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A CP75 notice means the IRS is auditing your Earned Income Tax Credit. The notice will state exactly what they’re auditing and what documentation to send.

View an example of this notice on the IRS website

Why does the IRS send a CP75 Notice?

This notice is only for audits of the Earned Income Tax Credit. As a widely available refundable credit, this is one of the most abused credits, and the IRS has a high audit rate for tax returns claiming it. The IRS routinely requests additional documentation from people who claim it.

Receiving this notice does not necessarily mean that you were not eligible to claim the credit. The IRS simply wants to see additional proof of your eligibility.

Who qualifies for the Earned Income Tax Credit?

To qualify for the Earned Income Credit, you must meet the following IRS requirements:

  • Have earned income (from wages, tips, self-employment, etc.) under $57,414 for 2021. This limit goes up each year with inflation.
  • Have investment income under $10,000 in 2021. Investment income is things like selling stocks or getting stock dividends. It does not include investments in your tax-advantaged retirement accounts.
  • Have a valid Social Security number by the due date of your 2021 return (including extensions)
  • Be a U.S. citizen or a resident alien all year
  • Not file Form 2555 (related to foreign earned income)
  • The amount you can claim varies based on your filing status and number of dependents

Special rules may apply if you’re a military member, clergy member, or if you or someone in your family is disabled. You can use the  IRS Qualification Assistant to see if you qualify for the credit.

Are my tax returns getting audited by the IRS?

Many people would consider a CP75 to be an audit notice. In many cases, the IRS won’t go beyond what they asked about in the letter. However, it is possible that if they notice an issue with something else that they could expand the audit.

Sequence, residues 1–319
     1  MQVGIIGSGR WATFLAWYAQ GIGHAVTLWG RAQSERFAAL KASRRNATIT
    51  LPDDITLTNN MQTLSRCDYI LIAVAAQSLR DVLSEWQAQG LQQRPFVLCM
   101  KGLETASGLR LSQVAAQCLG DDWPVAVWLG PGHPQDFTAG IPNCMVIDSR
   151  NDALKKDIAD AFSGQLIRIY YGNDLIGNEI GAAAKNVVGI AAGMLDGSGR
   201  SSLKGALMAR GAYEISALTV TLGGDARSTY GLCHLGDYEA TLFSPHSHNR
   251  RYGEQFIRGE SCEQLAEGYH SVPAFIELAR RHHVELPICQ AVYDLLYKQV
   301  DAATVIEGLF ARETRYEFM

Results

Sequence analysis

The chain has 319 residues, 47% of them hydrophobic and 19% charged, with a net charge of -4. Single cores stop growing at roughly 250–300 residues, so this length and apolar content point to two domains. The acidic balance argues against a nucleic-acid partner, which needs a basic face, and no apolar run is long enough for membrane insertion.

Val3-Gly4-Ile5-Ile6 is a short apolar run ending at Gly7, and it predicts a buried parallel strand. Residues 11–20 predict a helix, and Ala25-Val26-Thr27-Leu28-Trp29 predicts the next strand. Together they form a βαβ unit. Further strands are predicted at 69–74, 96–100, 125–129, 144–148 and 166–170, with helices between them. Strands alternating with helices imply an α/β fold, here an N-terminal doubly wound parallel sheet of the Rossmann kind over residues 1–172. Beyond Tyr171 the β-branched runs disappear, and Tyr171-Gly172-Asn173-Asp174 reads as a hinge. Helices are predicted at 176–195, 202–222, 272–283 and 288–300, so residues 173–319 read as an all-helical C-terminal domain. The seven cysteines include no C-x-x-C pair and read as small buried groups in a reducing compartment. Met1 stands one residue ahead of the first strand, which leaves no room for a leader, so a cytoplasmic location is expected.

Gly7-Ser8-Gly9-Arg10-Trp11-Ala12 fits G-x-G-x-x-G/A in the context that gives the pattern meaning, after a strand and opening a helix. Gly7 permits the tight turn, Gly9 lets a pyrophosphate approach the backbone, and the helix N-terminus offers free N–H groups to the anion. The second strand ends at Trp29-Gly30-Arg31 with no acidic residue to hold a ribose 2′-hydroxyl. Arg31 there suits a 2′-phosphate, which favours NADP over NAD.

How should I respond?

The CP75 notice will tell you what information the IRS needs. You can use the included response form. If you don’t have the original documents they asked for, talk to a tax professional about alternative ways to prove your eligibility.

The IRS often uses the following address for CP75 responses: Examination Operations, Stop 22B, PO Box 47-421, Doralville, GA 30362-0421. However, you should mail your response form to the address listed on your notice. If you aren’t sure the notice is real because it has a different address, call the number on the IRS website, not on your notice.

What happens if I don’t return the response form?

The audit process can be a tedious chore, but you can’t ignore it. If you don’t respond to the notice, the IRS will generally disallow the credit. If the IRS disallows the credit, you will likely owe additional tax plus interest and penalties.

In some cases, if you don’t respond or the IRS disallows your credit, you may get a¬†CP79A Notice¬†banning you from claiming the Earned Income Tax Credit for two years.

What should I do if I realize I wasn’t eligible for the Earned Income Credit?

If you realize you should not have claimed the Earned Income Tax Credit, you should respond to your CP75 notice explaining that you made a mistake and why. This may reduce your chances of being banned from taking the EITC in the future. It will also ensure that you can receive your bill and pay your balance sooner and reduce the interest and penalties that you have to pay.

What happens if I wasn’t eligible for the credit?

If you weren’t eligible for the credit, you will owe additional tax. If the IRS held your tax refund, it will be reduced by the amount of the credit. If you didn’t have your tax refund on hold or your refund was less than your credit, you will need to pay the balance due. Interest and penalties apply to the unpaid balance starting from the original due date of your tax return.

In some cases, you can be banned from claiming the credit for two years. The IRS can disqualify you if they found you recklessly or intentionally broke the rules for claiming it. However, this can be open to interpretation. Since the credit can be worth several thousand dollars, you may want to contact an EA or CPA to help you. If this is your only tax problem, it’s usually not big enough for an attorney, but that’s also an option.

Will the IRS always hold my tax refund?

Whether the IRS holds your tax refund can depend on when your tax return got flagged. There are some things that they check before issuing your refund and will hold your refund for. There are other things that they check later or that won’t get flagged until they receive additional information from another source. In that case, you might get your CP75 notice after you get your refund.

If the IRS holds your refund, they usually hold your entire refund. If you filed for a $2,000 refund with only $500 coming from the Earned Income Tax Credit, you’ll get $0 until you resolve the issue with your EITC. You won’t get $1,500 now while the IRS decides on the $500 EITC.


Many people falsely claim the Earned Income Tax Credit, so the IRS audits it a lot. If your credit gets disallowed because you can’t prove you were eligible, you could owe back taxes plus interest and penalties. You may also be banned from claiming the credit in the future. Since you have a lot of money on the line, it’s a good idea to get help from a tax professional.

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